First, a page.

BERLIN — For Tank Thunderbird, uncertainty is generally less of a threat, and more of an opportunity.
The amateur coder could be found standing before a crowd in an empty indoor swimming pool, microphone in hand, presenting her team’s newly-completed mobile application at EyeEm’s Photo Hack Day in Berlin.
The team calls the app Phudge, and it applies old-school, analogue photo-phenonmena such as double-exposures and discoloration to pictures. It’s one of nine functional projects to emerge from the 48-hour hack-a-thon, whose registration was open to the public.
Once all teams have presented, the jury - made up of representatives from AKQA, Tumblr and SoundCloud among others - begin to deliberate. The pool empties, and an echoey, anticipatory murmur fills the swimming hall. Despite the excitement surrounding the results, Tank maintains she is here for the experience rather than the chance at a prize.
“It’s about getting to participate in a situation that wouldn’t have come about otherwise,” she says. ”You meet new people, gain new skills and get inspired by each other. So it’s a community thing, as well.”
Born in South America, raised in Texas, and having spent the last six years in Berlin, Tank has dedicated much of her adult life adapting to new environments, particularly fine arts, music, LGBTQ and technology communities. Though her own programming skills are limited, she says the team dynamic presents a whole new set of opportunities.
“I love it because I feel my ideas move with the coders,” she says. ”Whereas something may have seemed impossible when I tried to implement it myself, I suddenly see here that it is possible.”
Tank isn’t the only one excited about the weekend’s creative storm. Mike Betts, jury member and Product Strategy Director at creative agency AKQA says finished projects like these are born of a unique kind of passion.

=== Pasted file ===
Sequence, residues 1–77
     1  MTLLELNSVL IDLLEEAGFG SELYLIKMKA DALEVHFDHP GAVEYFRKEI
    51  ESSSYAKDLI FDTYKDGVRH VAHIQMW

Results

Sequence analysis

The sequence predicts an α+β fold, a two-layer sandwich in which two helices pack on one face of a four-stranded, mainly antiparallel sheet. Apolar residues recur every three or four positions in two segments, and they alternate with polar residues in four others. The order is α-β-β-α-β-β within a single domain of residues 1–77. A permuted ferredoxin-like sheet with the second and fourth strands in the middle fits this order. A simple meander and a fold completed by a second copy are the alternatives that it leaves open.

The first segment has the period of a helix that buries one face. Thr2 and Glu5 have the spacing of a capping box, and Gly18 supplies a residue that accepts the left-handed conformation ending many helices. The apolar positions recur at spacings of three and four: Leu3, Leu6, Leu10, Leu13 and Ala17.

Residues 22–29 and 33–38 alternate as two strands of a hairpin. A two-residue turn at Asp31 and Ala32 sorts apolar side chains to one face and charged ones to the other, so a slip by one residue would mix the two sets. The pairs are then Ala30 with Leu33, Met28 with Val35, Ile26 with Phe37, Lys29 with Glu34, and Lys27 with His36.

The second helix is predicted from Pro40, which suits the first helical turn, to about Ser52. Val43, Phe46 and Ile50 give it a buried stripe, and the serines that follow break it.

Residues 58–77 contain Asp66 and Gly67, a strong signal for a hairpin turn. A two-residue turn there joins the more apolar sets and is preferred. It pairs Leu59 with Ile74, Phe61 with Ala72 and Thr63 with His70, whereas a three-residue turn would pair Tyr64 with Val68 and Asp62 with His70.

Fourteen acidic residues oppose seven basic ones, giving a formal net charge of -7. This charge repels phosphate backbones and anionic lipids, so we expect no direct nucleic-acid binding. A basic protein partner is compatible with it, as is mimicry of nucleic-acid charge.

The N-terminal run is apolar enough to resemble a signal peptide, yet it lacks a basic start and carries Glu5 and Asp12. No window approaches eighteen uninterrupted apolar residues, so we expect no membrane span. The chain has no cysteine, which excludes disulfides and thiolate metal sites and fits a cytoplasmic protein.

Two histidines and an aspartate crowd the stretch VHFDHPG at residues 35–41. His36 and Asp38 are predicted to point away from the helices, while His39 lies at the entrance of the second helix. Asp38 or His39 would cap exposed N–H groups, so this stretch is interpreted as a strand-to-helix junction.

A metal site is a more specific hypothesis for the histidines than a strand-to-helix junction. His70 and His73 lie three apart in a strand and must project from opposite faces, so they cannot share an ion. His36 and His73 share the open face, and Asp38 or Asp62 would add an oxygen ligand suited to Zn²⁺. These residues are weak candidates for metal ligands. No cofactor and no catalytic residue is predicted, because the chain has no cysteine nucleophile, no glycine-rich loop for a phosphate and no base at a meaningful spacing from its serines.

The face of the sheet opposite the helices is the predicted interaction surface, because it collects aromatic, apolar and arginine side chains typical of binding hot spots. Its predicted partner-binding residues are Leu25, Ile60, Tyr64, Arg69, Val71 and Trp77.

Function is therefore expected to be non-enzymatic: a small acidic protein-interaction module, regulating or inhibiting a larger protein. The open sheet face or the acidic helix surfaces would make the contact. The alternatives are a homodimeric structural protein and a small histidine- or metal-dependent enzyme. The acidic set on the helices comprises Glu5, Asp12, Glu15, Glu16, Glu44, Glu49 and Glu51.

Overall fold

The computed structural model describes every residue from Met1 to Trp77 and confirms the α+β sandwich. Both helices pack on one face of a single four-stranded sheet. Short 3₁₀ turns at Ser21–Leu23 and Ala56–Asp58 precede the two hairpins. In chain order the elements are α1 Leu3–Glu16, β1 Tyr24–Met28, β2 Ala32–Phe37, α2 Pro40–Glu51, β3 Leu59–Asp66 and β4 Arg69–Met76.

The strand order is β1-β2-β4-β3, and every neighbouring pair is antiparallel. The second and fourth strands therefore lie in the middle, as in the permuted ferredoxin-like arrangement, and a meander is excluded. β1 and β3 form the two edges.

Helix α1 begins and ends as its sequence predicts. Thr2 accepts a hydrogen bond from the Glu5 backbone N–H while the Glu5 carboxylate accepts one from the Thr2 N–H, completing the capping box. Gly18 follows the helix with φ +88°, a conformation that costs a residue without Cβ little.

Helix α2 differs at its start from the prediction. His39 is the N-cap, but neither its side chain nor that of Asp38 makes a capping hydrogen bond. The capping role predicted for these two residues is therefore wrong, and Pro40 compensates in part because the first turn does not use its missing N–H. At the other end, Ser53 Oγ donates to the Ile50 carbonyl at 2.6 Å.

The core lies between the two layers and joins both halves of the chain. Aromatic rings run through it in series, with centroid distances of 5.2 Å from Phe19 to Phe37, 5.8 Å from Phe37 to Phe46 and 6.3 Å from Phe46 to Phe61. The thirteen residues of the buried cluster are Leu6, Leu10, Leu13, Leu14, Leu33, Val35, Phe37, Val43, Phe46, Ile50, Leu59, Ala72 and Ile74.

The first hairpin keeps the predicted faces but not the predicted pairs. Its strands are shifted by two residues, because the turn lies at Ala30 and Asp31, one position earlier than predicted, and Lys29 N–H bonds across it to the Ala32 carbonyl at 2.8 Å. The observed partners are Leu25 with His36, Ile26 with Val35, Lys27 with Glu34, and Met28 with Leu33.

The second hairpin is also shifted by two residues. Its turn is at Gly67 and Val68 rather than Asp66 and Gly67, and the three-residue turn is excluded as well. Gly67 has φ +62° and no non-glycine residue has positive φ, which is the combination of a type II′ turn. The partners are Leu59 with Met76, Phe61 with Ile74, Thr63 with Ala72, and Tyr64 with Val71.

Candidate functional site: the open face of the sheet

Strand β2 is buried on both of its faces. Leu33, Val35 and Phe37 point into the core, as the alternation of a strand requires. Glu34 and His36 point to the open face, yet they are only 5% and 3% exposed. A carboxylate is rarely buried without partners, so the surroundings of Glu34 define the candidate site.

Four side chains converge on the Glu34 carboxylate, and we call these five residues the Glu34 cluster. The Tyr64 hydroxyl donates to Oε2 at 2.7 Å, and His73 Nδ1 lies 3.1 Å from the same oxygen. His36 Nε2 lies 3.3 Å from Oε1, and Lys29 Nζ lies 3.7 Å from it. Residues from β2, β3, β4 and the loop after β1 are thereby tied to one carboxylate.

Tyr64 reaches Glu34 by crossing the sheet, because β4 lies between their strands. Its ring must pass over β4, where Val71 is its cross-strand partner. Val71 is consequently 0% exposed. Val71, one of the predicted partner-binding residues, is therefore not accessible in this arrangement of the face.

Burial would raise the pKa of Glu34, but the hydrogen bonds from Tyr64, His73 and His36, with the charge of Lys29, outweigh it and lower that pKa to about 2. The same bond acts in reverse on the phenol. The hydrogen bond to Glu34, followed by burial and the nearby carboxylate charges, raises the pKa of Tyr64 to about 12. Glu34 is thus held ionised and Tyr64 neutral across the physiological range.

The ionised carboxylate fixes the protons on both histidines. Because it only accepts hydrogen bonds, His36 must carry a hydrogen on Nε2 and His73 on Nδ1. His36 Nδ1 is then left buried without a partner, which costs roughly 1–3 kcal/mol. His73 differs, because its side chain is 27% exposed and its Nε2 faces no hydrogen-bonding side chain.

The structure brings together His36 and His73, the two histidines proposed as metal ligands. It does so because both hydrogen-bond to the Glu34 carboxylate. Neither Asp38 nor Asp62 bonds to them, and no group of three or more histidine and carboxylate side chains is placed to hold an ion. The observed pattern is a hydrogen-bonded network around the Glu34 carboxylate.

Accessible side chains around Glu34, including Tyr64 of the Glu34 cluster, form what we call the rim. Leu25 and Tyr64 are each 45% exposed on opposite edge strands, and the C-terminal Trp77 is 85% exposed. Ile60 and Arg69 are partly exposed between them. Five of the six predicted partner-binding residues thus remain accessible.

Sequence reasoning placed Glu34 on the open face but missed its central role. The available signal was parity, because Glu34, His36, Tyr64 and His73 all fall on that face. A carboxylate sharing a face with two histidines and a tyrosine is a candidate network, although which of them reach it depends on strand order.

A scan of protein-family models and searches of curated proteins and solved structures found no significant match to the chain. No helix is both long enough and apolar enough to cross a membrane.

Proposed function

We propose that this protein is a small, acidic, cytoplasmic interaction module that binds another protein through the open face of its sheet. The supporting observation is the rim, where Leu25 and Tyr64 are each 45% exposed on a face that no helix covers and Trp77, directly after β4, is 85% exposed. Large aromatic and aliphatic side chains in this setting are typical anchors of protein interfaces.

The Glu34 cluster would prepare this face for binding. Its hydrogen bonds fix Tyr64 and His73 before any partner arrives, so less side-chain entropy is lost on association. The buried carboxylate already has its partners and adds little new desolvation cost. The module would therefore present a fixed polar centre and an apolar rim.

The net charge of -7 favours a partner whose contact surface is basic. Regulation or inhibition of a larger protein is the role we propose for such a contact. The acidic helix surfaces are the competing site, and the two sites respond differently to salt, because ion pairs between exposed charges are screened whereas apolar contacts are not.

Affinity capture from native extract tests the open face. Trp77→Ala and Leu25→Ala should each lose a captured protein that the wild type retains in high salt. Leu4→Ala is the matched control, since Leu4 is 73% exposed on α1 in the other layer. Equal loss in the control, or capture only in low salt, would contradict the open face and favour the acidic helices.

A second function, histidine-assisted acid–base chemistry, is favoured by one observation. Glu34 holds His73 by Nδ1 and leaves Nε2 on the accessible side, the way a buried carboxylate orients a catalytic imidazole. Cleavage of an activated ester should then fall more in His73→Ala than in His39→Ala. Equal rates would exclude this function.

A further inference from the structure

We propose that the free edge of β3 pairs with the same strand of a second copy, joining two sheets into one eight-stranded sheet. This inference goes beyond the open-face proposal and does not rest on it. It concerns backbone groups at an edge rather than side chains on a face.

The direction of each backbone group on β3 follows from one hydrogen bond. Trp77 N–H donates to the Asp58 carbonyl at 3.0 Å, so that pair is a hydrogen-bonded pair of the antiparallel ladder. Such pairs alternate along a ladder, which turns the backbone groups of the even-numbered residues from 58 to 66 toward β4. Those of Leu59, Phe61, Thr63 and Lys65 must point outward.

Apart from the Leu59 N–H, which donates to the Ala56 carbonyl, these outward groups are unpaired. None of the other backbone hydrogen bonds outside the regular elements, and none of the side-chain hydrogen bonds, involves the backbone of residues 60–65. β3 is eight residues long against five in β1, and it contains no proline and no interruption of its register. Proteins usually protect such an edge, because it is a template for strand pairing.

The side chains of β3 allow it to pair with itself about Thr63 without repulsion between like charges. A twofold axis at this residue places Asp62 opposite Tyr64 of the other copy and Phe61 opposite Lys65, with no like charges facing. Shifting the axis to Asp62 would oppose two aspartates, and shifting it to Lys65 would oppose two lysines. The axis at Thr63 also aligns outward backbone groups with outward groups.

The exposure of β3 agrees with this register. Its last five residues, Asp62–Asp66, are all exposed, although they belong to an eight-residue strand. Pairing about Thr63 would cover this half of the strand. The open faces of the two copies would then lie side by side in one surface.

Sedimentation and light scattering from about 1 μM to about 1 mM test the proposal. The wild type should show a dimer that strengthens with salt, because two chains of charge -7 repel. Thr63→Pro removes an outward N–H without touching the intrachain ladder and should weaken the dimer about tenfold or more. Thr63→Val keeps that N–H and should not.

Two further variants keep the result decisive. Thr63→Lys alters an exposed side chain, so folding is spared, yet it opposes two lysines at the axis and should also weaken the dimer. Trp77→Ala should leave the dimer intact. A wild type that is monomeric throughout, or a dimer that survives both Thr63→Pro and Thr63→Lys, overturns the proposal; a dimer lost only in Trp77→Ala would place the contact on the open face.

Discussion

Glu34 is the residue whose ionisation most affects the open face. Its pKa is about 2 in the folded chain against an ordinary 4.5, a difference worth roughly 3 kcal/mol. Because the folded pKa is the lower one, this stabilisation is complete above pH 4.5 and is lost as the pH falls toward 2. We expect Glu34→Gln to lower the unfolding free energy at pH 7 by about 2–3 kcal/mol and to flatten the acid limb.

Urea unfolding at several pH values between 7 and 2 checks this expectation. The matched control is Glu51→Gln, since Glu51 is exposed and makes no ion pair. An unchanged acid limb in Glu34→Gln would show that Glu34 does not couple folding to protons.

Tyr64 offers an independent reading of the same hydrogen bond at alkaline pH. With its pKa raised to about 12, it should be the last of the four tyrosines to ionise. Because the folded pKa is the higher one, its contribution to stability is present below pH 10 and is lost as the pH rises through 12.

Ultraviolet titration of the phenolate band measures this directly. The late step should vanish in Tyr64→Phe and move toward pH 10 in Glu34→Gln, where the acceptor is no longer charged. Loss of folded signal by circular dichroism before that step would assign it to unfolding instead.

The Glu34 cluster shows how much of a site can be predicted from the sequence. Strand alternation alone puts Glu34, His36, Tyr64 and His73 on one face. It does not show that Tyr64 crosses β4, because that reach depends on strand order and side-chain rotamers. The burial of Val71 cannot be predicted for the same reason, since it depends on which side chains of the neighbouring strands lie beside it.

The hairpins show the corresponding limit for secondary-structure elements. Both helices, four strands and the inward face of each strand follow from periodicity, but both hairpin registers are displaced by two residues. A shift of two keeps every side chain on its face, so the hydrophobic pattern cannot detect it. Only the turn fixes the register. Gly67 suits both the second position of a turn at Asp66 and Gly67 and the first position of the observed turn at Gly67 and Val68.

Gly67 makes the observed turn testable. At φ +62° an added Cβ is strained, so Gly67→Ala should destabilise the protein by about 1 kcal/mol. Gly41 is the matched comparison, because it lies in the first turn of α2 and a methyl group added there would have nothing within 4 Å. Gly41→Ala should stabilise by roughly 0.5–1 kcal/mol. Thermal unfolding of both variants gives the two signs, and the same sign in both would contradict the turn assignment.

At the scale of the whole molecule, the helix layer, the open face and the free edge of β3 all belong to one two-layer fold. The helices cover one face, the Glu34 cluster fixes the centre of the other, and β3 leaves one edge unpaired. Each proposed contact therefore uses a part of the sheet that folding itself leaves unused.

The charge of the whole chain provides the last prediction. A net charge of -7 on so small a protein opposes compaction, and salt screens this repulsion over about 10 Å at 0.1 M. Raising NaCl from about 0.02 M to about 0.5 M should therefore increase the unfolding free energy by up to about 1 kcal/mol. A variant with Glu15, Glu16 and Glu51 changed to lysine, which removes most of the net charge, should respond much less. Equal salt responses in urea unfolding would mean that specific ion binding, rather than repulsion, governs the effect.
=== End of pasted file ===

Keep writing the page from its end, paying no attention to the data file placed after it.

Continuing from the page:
“I think it’s always really interesting to see what comes out of an accelerated process,” Betts says. “You get interesting break-throughs… traction comes very, very quickly because everyone is here for the experience, for the love of doing it, so that affects the outcome.”
“Berlin also has a very DIY culture, and that gives you some really amazing stuff.”
But what does it mean for established businesses when amateurs and free agents begin taking innovative matters into their own hands? Betts says the hack-a-thon format is relevant to anyone serious about ground-breaking creation.
“These things are completely replicable in a business situation,” says Betts. “I think startups can come out of events like this, but this passion, focus, energy and intensity can be integrated into any creative process.”
On the same subject, Tank says she sees proverbial “industry dinosaurs” as the biggest losers amidst the trend.
“As time goes by, I feel they have more to fear,” she says. “More and more people are unemployed and figuring out during that time what they really want to do.”
“You have to create your own world in whatever way you can. Sometimes life can be really hard, but you have to fight your own battles, and you’ll find associates along the way.”
Meanwhile, the jury has reached a decision: Phudge will take home First Prize, “a weekend trip to London for the whole team including an exclusive appointment at the AKQA headquarters to showcase their hack,” sponsored by the creative agency itself.
“I think [the prize] is a tribute to serendipity,” Tank comments, as she and her team accept the award.
“It’s what happens when you open up and are free to follow whatever moves you at that moment,” she adds later.
“I think it’s a symbol of the times: open up and things come your way. Listen to yourself.”